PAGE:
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  The Flying Cow: Exploring the Psychic World of Brazil
Guy Lyon Playfair

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When The Flying Cow was first published in 1975, it revealed a world of psychic wonders in Brazil hitherto barely explored by outsiders. Author Guy Lyon Playfair had spent two years as a member of the Brazilian Institute for Psychobiophysical Research (IBPP), the first group of its kind to investigate and document the wide range of inexplicable phenomena – from poltergeists and psychic surgeons to trance artists and children who recall previous lives.

He spent several days and nights in a poltergeist-haunted house, managing to record several inexplicable happenings on tape. He watched as a young man untrained in art dashed off a series of portraits in the styles of numerous deceased masters, some in a matter of seconds. He witnessed some of the country’s unorthodox healers at work, and saw them open bodies with their bare hands, eventually finding out for himself how it feels to be on the receiving end of this most bizarre form of alternative surgery.

He also looked into some of the best known cases from the past, collecting new eye-witness evidence for the mysterious abilities of such legendary figures as Arigó, the ‘surgeon of the rusty knife’, colourful and controversial mediums such as Carlos Mirabelli, Peixotinho and Otilia Diogo. He even obtained an account of the rarest of all psychic phenomena – materialisation – from a chief of police.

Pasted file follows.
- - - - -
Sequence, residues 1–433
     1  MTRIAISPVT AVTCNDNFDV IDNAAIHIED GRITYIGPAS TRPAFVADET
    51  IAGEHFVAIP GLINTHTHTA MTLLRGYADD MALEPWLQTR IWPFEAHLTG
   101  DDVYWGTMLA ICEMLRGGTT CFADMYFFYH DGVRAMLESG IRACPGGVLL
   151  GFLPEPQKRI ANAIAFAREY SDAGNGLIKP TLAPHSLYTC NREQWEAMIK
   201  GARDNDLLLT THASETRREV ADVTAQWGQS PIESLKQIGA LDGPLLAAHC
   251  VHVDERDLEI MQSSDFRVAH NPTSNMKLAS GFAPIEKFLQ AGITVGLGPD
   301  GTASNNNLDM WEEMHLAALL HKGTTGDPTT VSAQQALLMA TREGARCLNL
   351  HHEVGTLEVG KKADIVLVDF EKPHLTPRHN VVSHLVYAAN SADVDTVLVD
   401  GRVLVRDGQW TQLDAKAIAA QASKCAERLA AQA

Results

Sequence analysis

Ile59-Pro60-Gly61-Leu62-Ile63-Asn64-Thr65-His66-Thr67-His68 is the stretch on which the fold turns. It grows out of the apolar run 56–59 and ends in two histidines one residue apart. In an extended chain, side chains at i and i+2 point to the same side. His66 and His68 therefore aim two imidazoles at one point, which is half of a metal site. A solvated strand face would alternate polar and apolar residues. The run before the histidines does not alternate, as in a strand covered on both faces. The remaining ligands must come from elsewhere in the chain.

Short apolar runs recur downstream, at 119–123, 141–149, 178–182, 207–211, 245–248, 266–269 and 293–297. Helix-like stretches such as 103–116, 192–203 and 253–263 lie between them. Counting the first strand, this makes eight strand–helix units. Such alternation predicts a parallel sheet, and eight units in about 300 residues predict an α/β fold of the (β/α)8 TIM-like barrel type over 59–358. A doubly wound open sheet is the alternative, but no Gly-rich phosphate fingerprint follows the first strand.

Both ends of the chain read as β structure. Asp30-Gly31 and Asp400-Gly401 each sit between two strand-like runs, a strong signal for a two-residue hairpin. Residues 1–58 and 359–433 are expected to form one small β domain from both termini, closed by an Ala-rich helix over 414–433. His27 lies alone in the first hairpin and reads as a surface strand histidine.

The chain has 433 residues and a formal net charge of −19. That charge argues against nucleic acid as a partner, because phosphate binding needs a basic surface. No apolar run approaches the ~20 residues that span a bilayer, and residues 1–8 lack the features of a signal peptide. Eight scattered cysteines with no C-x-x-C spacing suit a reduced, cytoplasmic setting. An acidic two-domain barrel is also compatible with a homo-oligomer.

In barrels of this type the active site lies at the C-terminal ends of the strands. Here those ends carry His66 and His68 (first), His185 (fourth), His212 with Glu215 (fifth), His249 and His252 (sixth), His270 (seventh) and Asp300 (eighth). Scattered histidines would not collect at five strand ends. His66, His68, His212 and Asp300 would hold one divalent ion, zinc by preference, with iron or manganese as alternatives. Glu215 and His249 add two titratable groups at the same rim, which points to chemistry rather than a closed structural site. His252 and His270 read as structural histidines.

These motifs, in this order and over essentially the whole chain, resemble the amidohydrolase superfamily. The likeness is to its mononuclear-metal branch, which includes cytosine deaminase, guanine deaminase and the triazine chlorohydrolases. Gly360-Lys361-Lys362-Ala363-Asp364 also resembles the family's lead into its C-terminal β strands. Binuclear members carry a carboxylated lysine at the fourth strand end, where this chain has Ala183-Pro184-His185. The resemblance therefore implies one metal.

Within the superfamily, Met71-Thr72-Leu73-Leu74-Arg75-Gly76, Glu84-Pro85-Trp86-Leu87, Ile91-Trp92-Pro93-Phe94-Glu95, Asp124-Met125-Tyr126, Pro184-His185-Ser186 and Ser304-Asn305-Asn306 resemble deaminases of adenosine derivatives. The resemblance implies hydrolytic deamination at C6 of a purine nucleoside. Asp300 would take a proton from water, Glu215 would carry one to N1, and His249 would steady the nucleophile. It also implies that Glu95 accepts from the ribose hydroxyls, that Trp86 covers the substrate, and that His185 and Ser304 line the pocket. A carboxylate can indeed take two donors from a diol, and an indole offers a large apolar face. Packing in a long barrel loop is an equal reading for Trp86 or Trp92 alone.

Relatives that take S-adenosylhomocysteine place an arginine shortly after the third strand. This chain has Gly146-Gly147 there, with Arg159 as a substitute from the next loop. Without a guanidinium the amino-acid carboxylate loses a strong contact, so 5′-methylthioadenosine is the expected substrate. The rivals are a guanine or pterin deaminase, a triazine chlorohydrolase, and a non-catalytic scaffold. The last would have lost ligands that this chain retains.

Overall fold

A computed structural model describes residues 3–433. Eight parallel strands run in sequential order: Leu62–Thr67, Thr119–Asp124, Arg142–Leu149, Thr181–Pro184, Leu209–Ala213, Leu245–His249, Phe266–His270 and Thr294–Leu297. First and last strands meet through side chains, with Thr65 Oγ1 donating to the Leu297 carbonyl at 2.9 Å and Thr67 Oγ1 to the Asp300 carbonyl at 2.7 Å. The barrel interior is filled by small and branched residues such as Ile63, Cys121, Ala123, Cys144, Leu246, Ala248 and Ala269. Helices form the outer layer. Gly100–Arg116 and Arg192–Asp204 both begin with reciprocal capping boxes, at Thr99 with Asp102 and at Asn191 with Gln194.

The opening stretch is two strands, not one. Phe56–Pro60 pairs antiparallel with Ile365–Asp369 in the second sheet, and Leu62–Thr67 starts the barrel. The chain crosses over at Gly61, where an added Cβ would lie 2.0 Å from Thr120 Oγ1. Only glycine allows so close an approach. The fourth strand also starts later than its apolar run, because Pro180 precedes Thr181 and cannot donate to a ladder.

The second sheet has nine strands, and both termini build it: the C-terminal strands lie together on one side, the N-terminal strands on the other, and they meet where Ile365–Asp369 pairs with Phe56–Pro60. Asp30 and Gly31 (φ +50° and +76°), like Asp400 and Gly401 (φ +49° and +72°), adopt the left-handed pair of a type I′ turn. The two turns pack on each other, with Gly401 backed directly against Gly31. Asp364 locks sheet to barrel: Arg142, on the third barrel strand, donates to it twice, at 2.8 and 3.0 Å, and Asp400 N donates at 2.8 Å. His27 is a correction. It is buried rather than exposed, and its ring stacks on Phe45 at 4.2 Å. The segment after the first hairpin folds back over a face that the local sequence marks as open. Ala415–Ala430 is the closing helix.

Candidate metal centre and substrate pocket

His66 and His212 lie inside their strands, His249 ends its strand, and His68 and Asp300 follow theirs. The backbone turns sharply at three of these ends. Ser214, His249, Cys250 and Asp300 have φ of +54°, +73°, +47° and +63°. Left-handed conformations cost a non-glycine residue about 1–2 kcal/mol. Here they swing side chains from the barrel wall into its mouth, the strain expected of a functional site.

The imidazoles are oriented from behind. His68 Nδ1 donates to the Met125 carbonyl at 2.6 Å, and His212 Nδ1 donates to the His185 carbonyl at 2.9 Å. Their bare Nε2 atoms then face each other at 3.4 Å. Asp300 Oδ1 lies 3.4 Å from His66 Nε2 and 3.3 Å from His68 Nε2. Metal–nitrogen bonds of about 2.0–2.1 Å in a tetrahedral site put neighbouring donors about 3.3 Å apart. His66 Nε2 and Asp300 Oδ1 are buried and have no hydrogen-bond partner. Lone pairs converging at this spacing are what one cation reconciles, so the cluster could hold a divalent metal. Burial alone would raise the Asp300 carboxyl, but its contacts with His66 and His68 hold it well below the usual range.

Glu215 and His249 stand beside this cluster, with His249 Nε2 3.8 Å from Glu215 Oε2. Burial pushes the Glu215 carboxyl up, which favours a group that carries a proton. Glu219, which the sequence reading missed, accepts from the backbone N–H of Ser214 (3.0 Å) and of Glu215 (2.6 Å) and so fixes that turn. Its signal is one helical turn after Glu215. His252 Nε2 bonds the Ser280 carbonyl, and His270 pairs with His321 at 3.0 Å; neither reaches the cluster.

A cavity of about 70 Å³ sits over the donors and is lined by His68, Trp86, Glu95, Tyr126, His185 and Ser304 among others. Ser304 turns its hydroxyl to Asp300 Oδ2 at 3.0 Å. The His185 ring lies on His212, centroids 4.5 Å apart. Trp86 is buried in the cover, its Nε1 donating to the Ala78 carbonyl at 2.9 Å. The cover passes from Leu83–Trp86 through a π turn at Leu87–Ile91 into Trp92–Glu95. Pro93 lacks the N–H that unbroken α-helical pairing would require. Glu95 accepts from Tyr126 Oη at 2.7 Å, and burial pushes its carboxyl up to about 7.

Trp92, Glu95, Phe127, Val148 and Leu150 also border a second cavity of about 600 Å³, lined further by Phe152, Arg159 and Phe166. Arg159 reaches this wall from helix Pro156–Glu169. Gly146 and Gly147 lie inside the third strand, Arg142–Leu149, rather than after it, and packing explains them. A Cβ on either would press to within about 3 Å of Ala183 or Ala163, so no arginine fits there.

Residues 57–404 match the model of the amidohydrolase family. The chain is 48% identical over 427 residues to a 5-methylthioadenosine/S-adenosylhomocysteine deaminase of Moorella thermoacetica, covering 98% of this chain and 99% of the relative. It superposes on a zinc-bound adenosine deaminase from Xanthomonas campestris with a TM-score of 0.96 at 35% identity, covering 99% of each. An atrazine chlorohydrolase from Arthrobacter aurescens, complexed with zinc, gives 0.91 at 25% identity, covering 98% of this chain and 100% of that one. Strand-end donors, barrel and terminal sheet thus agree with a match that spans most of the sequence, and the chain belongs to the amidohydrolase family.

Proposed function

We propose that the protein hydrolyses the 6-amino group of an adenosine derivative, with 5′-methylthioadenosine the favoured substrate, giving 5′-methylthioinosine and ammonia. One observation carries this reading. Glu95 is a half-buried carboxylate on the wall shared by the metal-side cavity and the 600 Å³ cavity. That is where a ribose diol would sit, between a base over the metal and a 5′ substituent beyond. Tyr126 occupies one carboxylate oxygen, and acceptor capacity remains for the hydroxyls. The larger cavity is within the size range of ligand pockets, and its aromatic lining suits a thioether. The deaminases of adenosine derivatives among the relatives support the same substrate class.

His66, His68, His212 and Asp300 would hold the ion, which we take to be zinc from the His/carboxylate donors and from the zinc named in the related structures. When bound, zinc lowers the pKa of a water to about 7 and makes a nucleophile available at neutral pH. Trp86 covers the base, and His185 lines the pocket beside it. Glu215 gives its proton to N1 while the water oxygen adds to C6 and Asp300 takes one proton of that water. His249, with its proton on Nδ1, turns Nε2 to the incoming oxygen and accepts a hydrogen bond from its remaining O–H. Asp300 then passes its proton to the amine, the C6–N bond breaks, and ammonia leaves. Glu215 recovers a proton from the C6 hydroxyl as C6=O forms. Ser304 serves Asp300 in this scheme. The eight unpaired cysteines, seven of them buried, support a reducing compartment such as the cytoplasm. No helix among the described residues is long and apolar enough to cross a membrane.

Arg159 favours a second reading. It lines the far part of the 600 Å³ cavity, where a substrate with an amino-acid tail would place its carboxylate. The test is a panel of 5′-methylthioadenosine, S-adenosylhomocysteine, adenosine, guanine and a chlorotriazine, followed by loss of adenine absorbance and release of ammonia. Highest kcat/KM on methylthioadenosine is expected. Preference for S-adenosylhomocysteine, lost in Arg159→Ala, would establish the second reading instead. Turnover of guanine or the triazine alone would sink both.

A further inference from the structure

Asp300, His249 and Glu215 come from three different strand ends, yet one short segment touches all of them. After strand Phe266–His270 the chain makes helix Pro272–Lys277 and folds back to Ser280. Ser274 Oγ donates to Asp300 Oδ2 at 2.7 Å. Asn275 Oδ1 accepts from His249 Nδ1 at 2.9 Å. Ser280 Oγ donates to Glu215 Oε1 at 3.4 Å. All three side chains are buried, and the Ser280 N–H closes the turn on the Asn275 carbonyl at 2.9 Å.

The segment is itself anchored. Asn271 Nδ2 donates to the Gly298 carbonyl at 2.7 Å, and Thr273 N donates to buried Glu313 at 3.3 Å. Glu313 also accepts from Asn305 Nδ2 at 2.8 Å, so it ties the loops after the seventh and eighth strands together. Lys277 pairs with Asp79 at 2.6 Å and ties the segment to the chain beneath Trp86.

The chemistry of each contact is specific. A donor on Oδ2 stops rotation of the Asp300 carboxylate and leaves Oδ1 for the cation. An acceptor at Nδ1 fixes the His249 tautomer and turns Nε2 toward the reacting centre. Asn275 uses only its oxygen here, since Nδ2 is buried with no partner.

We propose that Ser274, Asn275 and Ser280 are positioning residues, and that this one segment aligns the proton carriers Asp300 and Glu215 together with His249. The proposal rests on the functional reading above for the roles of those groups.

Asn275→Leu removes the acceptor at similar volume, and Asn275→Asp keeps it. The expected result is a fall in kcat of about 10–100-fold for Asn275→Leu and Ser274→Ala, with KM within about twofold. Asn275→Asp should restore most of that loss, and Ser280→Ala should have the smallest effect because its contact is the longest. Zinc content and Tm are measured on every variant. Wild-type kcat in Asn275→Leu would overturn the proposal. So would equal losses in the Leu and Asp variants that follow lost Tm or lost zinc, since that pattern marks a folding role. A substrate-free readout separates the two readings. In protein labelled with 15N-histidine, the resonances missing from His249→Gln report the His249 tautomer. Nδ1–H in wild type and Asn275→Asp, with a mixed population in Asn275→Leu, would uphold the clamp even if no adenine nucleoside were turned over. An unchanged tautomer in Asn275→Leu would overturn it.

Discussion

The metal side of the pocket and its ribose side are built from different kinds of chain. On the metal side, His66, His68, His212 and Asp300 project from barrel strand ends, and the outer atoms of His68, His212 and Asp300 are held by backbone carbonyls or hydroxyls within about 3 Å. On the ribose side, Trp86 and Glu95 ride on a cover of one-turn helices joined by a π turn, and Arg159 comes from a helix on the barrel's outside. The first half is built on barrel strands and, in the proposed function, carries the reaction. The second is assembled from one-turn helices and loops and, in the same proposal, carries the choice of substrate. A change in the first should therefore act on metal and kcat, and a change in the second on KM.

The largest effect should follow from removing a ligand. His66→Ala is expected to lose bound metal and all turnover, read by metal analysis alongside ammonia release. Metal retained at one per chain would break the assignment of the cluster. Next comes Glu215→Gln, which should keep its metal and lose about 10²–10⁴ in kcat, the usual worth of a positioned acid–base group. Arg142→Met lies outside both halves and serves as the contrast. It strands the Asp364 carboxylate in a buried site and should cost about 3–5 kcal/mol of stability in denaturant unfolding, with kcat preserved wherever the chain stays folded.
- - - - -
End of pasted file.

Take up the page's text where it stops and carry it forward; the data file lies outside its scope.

The Flying Cow was followed by its sequel The Indefinite Boundary in 1976. Material from the latter has been included in this edition, making it the most comprehensive survey available of the paranormal world of Brazil.

The author gave up a secure and lucrative career as freelance journalist and translator to explore that world, and in this book, fully revised and updated, he describes what he found there. Much of it is as surprising today as it was when it was first published.

About the author

GUY LYON PLAYFAIR was born in India and educated in England, obtaining a degree in modern languages from Cambridge University. He then spent many years in Brazil as a freelance journalist for The Economist, Time, and the Associated Press, also working for four years in the press section of the U.S. Agency for International Development (USAID). The first of his twelve books, The Flying Cow, in which he described his experiences investigating the psychic side of Brazil, was translated into six languages and became an international best seller. His most recent book is Telepathy – the Twin Connection. He now lives in London and is a council member of the Society for Psychical Research.